“After 95 years, give us (Republicans) a chance,” she said.
Bunch added that if Republicans take control of the house and don’t make things better that the public should vote them out.
Knuckles, who is publisher of the News Journal and president of the chamber, was the only Corbin City Commission candidate, who attended Tuesday’s luncheon.
He noted that Bunch and Conn’s presence at the forum should tell those in attendance something.
“The fact that they are here talking to you, and they have taken the time out of their busy schedules in the middle of the day to come out and tell you what they believe tells you that they care,” Knuckles said.
Knuckles noted that there are a lot of really good things going on in Corbin, and he complimented several city officials for their public service, such as Corbin City Commissioner Ed Tye, one of his opponents, for his efforts to spear headed the Creek Walk several years ago.
He also cited Corbin City Commissioner Suzy Razmus’ efforts and those of others to get Sanders Park built on a previously blighted property, and Mayor Willard McBurney’s work to turn the Engineer Street Bridge from an eyesore into a place where people often walk, and even have their prom pictures taken at.
Despite many good things going on in the community, Knuckles noted that Corbin also has some issues. In particular, Corbin is at a very perilous time economically regarding its budget.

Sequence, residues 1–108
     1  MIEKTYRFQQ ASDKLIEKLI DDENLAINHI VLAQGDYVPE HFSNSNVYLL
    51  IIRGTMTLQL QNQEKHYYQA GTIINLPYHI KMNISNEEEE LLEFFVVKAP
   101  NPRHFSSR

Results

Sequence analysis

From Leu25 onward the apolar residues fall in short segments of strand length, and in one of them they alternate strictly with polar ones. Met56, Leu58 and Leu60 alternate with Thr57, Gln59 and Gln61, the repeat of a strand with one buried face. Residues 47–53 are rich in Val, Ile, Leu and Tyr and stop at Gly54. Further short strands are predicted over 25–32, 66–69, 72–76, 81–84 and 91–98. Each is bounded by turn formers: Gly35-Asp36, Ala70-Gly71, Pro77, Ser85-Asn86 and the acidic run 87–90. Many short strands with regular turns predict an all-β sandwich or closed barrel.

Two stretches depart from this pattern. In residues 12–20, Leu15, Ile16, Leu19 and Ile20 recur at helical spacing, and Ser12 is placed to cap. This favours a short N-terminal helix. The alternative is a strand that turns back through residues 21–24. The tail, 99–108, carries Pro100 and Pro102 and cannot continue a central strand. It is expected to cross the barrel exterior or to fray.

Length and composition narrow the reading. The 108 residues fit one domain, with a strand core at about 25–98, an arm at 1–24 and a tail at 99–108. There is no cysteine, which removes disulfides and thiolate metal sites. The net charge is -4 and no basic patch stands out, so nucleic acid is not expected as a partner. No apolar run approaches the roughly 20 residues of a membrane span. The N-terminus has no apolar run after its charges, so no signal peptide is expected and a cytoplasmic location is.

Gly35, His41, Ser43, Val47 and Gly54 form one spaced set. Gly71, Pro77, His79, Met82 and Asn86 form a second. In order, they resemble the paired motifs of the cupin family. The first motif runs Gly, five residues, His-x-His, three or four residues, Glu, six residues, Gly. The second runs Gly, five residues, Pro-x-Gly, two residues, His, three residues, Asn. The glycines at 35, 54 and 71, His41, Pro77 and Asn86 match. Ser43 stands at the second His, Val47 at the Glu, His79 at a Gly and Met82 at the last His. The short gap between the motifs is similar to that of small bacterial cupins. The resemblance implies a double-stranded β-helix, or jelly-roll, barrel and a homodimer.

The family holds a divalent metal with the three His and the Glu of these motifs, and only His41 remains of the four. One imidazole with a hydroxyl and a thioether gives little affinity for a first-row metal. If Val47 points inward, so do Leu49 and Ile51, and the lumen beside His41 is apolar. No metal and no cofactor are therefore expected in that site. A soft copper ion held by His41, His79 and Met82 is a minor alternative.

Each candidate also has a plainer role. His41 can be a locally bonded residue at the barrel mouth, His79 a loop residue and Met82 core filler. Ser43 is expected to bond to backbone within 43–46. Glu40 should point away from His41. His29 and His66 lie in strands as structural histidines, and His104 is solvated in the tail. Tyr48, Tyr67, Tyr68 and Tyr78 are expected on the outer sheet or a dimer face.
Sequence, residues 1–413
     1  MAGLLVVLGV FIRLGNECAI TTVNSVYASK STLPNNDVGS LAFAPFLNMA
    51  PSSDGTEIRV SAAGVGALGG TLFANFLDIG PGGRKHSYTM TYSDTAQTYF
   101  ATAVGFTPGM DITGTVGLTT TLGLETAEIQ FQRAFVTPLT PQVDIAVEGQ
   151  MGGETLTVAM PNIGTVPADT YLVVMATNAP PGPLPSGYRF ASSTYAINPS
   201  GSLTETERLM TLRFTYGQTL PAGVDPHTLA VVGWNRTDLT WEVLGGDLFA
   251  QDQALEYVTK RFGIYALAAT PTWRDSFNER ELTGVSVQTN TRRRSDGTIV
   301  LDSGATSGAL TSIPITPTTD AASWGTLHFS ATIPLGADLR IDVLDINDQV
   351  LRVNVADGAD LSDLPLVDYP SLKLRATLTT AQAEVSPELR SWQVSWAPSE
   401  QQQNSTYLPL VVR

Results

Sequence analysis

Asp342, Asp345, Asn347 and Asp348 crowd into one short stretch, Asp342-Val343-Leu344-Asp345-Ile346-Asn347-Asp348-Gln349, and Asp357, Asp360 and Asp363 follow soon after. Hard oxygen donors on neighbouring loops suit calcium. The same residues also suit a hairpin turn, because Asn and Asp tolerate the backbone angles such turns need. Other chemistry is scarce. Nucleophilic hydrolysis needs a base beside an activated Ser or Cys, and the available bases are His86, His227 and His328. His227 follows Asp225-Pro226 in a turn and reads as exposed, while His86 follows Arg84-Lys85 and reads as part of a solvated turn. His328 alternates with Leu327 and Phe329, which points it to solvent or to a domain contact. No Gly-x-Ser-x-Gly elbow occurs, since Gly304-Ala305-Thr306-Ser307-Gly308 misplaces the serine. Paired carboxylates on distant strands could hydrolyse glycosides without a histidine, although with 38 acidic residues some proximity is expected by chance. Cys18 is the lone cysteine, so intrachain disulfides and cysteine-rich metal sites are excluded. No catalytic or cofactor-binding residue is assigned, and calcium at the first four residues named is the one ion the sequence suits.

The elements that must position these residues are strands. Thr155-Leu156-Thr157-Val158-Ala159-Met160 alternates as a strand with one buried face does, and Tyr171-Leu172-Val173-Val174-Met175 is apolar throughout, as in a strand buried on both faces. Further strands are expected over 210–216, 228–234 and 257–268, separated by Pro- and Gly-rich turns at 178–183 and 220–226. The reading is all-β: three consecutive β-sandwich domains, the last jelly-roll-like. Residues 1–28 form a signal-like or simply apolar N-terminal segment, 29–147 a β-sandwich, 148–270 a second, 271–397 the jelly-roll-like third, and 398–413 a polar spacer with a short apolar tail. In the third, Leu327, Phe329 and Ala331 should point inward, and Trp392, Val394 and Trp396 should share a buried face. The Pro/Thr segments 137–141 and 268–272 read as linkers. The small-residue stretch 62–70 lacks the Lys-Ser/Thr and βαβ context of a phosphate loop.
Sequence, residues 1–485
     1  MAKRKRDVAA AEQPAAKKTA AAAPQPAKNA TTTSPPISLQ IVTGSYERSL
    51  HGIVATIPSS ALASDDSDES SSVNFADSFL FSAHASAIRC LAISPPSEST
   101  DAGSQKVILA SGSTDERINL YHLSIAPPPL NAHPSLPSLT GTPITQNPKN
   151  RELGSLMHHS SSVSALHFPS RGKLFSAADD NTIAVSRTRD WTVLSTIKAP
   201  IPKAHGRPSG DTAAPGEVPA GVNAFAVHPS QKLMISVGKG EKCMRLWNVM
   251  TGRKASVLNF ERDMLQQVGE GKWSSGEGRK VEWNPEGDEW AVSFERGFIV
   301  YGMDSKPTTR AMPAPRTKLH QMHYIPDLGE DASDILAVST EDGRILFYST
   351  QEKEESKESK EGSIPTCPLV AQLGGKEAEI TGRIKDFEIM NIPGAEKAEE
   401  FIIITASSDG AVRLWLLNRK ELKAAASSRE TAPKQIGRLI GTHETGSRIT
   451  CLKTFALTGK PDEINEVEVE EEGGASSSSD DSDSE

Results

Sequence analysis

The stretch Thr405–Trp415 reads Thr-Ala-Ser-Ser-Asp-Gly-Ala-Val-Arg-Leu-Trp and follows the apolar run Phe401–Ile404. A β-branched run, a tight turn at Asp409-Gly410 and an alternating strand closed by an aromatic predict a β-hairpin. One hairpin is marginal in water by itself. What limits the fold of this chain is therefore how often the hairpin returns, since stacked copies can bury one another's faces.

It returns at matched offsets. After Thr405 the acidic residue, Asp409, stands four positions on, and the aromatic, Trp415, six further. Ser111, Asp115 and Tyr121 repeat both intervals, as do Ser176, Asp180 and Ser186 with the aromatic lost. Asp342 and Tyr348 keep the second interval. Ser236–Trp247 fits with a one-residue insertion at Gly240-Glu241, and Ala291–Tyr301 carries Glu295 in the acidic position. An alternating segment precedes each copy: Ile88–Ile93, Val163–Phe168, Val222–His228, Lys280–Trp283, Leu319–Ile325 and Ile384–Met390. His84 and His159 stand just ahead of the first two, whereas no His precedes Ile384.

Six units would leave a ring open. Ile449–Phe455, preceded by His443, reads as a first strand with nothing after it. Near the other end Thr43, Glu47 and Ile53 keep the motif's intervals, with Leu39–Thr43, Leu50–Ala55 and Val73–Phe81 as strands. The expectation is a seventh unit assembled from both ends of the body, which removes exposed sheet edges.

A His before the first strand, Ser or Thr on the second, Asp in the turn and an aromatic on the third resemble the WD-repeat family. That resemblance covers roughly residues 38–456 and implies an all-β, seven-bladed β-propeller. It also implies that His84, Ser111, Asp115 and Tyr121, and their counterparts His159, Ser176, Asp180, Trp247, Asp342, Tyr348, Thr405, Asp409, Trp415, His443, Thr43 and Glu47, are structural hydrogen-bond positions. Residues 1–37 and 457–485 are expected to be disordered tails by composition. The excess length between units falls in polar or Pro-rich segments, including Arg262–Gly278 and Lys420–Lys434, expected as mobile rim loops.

With the passage of packaged alcohol sales in surrounding communities, Knuckles predicted Corbin’s alcohol tax revenue, which totaled about $850,000 last year, would go down by half.
“We are going to have to deal with that. The city has been in the red a few times in the last five or six fiscal years. This is something we are going to have to pay attention too,” he added.
As recently as 2006, Corbin had a nearly $1.5 million budget surplus with less revenue than it has now.
Over the last 10 years, Corbin has increased its spending on average $200,000 per year.
“We can’t keep doing that,” Knuckles said.
Earlier this year, the Corbin City Commission voted to stack an additional 1 percent payroll tax onto people working in the Knox County portion of Corbin, but not an additional 1 percent tax on the net profits of businesses there.
Knuckles noted that it’s a move that he and the Chamber of Commerce opposed.
“I thought that was a bad idea for several reasons. I thought it would make economic development efforts on that side of town difficult,” he said. “Companies don’t look at just their bottom line and their net profits. They also look at the tax burden on their employees. When you have other cities around us that have places where they can locate that are just as good and they have less of a tax burden, where do you think they are going to go? They are going to go there.”
While increasing spending in many departments, Corbin has slashed its budget for the Economic Development Director’s Office in half, which Knuckles said he doesn’t think this bodes well for job recruitment.
Knuckles also touched on the fact that none of his opponents attended Wednesday’s forum.
“There are seven candidates running for city commission and I am the only one here today,” Knuckles added. “I know some of those other guys have good reasons for that, but not all of them have good reasons. I think that should tell you everything you need to know about what they think about you. It really should. That should tell you what they think about you when none of them will come up here and tell you where they stand.”
The sponsor for Wednesday’s chamber luncheon was Eastern Kentucky University’s Corbin campus.